The Native people of more than 100 sovereign nations, and their spiritual and environmental allies, are standing firm in their resolve to stop construction of the Dakota Access Pipeline.
"Our water protectors are not leaving this land until they know that black snake is dead."
Those words from Toni Buffalo, program coordinator of the UCC Dakota Association, succinctly describe the movement going forward to kill the DAPL.
Toni Buffalo is one of the thousands of people who have been in the camps near Standing Rock Reservation in North Dakota, protecting the water and the land from the pipeline designed to carry oil 1,168 miles to Illinois under the Missouri River and through several watersheds, farmland, forests and sacred and cultural sites.
"We still have a long road ahead of us," said Bryon Buffalo, who pastors two churches on the Cheyenne River Reservation. "But it's a fight that we all say through whatever we do today, through the churches, through prayer, we are doing for the younger generation that is coming up and the younger generation that isn't born yet. Everything we do is for them, because we are living in a world in which everything that is living needs water to live. Every single creation that God created needs water to live. That's why we are in this fight."
"Seeing so many people gathered together because they care about the same thing is inspiring," said the Rev. Gordon Rankin, conference minister of the South Dakota Conference UCC. "I know I really don't understand how historic it is to have so many First Nations Tribes gathered together but nonetheless there was a palpable sense that this was something unprecedented. And they are not there short term. There is already talk about how to hunker down for the winter."
The defending citizens celebrated an important victory Friday, Sept. 9 when three government agencies issued an unprecedented decision that temporarily stopped work on the pipeline at Standing Rock near the Missouri River, at Lake Oahe. Texas-based Energy Transfer Corporation was asked to cease construction while the Army Corps of Engineers revisits the permits it granted and reconsiders future permits, taking another look at the laws.
"Having read that the injunction was denied and then that the Obama administration put a halt on the under the river construction until further studies can be done, I wondered what the mood around camp would be," said Rankin. "Personally, I didn't know what to feel. The mood around camp was at peace. They talk about being peaceful - which I always interpreted as non-violent - but my experience was that I was defining peaceful too narrowly. The community gathered at Oceti Sakowin emanates peace. They were literally full of peace."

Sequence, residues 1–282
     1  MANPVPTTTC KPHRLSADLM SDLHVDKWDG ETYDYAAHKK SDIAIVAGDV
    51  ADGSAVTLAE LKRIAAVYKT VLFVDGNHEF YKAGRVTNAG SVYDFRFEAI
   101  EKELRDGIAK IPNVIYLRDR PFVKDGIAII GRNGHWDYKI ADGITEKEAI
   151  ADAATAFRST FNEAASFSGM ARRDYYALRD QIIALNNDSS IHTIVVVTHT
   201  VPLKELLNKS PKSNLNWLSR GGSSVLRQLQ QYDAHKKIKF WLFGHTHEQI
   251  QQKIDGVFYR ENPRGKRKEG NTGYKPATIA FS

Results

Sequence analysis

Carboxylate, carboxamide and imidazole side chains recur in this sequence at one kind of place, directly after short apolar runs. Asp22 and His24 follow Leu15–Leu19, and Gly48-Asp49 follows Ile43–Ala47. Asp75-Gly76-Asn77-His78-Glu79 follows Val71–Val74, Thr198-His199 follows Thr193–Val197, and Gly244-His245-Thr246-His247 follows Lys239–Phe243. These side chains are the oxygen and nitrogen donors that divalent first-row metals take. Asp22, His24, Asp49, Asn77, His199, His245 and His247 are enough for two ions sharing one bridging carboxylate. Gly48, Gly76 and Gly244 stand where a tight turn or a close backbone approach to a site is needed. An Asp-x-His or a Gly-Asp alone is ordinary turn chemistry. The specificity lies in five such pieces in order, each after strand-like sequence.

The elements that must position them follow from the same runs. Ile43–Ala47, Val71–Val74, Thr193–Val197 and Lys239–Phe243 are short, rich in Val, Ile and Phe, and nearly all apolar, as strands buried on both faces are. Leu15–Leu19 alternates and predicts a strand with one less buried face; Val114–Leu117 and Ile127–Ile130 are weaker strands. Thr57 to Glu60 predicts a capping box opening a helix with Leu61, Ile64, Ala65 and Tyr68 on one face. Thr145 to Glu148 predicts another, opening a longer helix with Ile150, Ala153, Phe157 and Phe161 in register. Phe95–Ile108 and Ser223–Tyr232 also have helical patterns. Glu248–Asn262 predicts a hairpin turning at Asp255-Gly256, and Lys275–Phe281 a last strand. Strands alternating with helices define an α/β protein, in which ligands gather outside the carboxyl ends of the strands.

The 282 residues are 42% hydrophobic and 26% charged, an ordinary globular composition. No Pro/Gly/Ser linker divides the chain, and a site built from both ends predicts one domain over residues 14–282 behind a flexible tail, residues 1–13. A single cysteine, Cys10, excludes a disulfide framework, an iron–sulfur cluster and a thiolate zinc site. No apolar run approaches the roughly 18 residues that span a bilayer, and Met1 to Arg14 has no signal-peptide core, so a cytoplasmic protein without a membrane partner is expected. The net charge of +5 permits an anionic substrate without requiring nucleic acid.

There are four camps of water protectors at Standing Rock, the original, the Sacred Stone camp on the south side of the river. Red Warrior and Rosebud camps also sprang up as people showed up to join the standoff, but not all the areas are able to host the multitude of allies coming to join the Standing Rock citizens.
The biggest camp, Oceti Sakowin, which welcomed an invited contingent of UCC clergy, ecumenical partners and environmental advocates, is overseen by the Tribe. Water and sanitary facilities, a school for children and an eating area for those not able to make food are available.
As witnesses and interpreters, UCC ministers continue to share the story unfolding at Standing Rock.
"When asked to explain his teachings, Jesus said, come, follow me and experience them for yourself. The movement at Standing Rock is the same," said the Rev. Gretchen Deeg, senior minister of the United Church of Christ in Bismark, N.D. "It is so grounded in the Spirit that our common language for protests and politics leaves conversations wanting. If you can, you must go to Standing Rock, experience what it means to stand up for the Earth from the core of your spirit, and learn from the people who are calling us back to the Earth."
"It doesn't take long at camp to know you are among sacred community," said Rankin. "Everything is prayerful, respectful and welcoming."
The Standing Rock Sioux Tribe is also exploring "all legal, legislative and administrative options to stop construction of the Dakota Access Pipeline." After a U.S. District Court ruled against a preliminary injunction Sept. 9 to stop DAPL, the Tribe on Monday, Sept. 12 filed a request for an injunction pending an appeal before the D.C. Circuit Court of Appeals, which is expected to soon release a schedule to move the case forward. At the same time, the District Court lawsuit will proceed to address additional claims involving clean water and environmental review.
"It's a continual and central message that stresses the sacredness of water, leadership that repeatedly and publicly calls for prayer, and daily spiritual ceremonies and practices that form the lifeblood driving the movement," said the Rev. Brooks Berndt, UCC minister for environmental justice, in a New Sacred blog post. "There is no doubt that the foundation of this struggle is one that can be aptly described as spiritual or religious. It demonstrates what many of us have known on a much smaller scale: collective efforts for change flourish when they can root themselves in the sustaining and renewing power of the sacred."
"We need to be compassionate for everything that He has created, and to take care of everything that He has created," said Byron Buffalo. "Also, to know that when God said everything is possible, that we believe that, all the way to the end. We limit ourselves as churches or we limit ourselves as individuals when we don't believe what God has said, that everything is possible. And we limit God also."
Several petitions are being circulated nationwide to stop this pipeline. Add your voice.